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Title: The metabolism and biokinetics of vitamin E in healthy human beings and those at increased risk of cardiovascular disease
Author: Jeanes, Yvonne Margaret
ISNI:       0000 0001 3589 6423
Awarding Body: University of Surrey
Current Institution: University of Surrey
Date of Award: 2003
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Vitamin E has been shown to be beneficial in the prevention of cardiovascular disease (CVD). The following research is concerned with assessing vitamin E status in healthy people and those with increased risk of CVD, who may have an altered vitamin E status. To understand the relationship between vitamin E intake, blood concentrations and metabolism healthy subjects were given varying single doses of RRR alpha-tocopheryl acetate (alpha-TA) up to 780 mg (n=20). There was a greater uptake of alpha-tocopherol in plasma and erythrocytes compared with platelets and lymphocytes. No dose-response relationship was observed, however there was a positive correlation between percentage increase in a-tocopherol concentration in plasma and erythrocyte with mg urinary alpha-carboxyethylhydroxychroman (alpha-CEHC) excreted. Less than 1% of alpha-TA was excreted as urinary a-CEHC. Research into the absorption of deuterium labelled (d6) alpha-TA showed a greater uptake into plasma and chylomicrons over 9 h when d6 alpha-TA was ingested with 17.5 g fat compared with 2.7 g fat (n=8). Furthermore, there was a greater uptake into chylomicrons over 9 h when d6 alpha-TA was ingested with toast and butter compared with cereal, cream and milk, both containing 17.5 g fat. This indicates the fat content and physical properties of a meal affect a-tocopherol absorption. The biokinetics of newly absorbed d6 alpha-tocopherol into plasma, lipoproteins and blood cells was investigated in healthy subjects (n=12). d6 alpha-Tocopherol firstly entered the chylomicrons, followed by VLDL, then LDL and HDL. In platelets and lymphocytes there was a gradual increase in d6 alpha-tocopherol concentration. A third of subjects exhibited a biphasic uptake of d6 alpha-tocopherol in platelets, with an initial peak at 6 h. Hypercholesterolemics are at increased risk of CVD and have altered lipoprotein metabolism therefore they may have altered vitamin E biokinetics. To investigate this, hypercholesterolemic and normolipidemic males ingested 150 mg d6 alpha-TA (n=16). The d6 alpha-tocopherol uptake into plasma was similar but there was a lower uptake of d6 alpha-tocopherol in low-density lipoprotein per g protein in hypercholesterolemics compared with normolipidemics. There was also a trend towards a lower uptake of d6 alpha-tocopherol into erythrocytes, platelets and lymphocytes in hypercholesterolemics. A greater percentage of hypercholesterolemics exhibited a biphasic profile in the uptake of d6 alpha-tocopherol into platelets compared with normolipidemics. Cigarette smokers are subjected to increased free radical exposure and therefore may utilise more vitamin E. Steady-state vitamin E status was measured in cigarette smokers and non-smokers (n=30). Plasma and erythrocyte alpha and gamma-tocopherol levels were similar, however cigarette smokers had a lower concentration of alpha-tocopherol in platelets and alpha- and gamma-tocopherol concentrations were lower in lymphocytes. Cigarette smokers excreted similar amounts of urinary alpha-CEHC, but more gamma-CEHC compared with non- smokers.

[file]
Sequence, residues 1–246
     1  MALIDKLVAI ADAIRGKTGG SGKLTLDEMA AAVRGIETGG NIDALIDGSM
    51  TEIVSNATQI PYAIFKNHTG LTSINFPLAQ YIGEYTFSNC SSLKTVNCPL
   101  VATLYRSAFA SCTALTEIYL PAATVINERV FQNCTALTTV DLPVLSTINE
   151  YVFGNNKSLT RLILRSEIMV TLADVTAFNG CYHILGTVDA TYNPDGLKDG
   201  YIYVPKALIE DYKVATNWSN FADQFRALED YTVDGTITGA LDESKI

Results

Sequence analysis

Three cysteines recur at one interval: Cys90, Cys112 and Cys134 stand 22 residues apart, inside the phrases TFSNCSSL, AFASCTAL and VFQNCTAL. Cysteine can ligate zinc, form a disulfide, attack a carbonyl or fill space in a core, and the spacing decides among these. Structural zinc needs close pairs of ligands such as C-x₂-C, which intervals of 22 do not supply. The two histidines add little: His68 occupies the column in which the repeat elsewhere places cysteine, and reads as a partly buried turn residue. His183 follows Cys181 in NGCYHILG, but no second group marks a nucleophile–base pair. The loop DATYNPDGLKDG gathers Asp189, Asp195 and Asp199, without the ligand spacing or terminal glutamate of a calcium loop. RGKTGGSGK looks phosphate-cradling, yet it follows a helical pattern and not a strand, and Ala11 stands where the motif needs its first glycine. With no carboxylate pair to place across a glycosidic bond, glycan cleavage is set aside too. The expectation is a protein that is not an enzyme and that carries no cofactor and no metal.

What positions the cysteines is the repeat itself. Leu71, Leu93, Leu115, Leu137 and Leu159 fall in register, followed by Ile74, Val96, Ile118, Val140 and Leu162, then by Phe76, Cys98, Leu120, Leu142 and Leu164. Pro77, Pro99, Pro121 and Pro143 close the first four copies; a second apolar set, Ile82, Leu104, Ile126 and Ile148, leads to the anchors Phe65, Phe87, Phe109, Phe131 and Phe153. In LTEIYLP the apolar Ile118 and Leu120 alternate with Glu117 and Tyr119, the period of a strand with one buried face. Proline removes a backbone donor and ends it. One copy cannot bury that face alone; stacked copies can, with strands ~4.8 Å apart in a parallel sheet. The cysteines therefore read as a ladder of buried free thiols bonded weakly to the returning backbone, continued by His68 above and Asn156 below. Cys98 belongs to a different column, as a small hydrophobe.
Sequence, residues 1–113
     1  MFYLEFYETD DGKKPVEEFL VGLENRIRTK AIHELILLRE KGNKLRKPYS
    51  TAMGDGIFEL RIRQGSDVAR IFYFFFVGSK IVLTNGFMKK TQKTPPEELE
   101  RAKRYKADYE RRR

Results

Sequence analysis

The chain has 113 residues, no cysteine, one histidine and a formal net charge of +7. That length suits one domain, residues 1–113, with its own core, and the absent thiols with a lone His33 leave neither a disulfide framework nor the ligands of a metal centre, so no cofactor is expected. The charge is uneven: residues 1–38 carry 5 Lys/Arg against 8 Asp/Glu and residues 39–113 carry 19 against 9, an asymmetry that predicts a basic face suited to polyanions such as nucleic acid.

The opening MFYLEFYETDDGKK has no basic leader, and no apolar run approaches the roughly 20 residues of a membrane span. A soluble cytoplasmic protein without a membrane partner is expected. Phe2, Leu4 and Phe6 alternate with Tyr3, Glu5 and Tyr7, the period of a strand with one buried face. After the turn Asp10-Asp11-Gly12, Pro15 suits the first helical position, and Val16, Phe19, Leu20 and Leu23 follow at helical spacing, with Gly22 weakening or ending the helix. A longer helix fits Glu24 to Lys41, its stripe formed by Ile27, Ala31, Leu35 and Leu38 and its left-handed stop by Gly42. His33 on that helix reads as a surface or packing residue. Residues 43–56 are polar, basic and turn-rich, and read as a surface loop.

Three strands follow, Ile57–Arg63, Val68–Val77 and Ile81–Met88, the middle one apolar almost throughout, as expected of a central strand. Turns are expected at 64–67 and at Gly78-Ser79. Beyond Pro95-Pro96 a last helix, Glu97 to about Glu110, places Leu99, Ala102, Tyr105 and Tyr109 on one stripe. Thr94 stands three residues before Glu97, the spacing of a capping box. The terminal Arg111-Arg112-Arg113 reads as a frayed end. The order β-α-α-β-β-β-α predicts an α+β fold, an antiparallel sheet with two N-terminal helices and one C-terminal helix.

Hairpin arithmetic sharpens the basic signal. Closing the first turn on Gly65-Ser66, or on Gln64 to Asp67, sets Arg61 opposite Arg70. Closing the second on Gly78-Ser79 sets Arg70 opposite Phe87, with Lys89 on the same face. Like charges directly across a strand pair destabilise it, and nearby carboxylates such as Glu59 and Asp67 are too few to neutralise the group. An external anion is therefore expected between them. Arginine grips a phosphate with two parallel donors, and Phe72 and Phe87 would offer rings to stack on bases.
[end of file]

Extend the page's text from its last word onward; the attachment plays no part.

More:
Supervisor: Not available Sponsor: Not available
Qualification Name: Thesis (Ph.D.) Qualification Level: Doctoral
EThOS ID:  DOI: Not available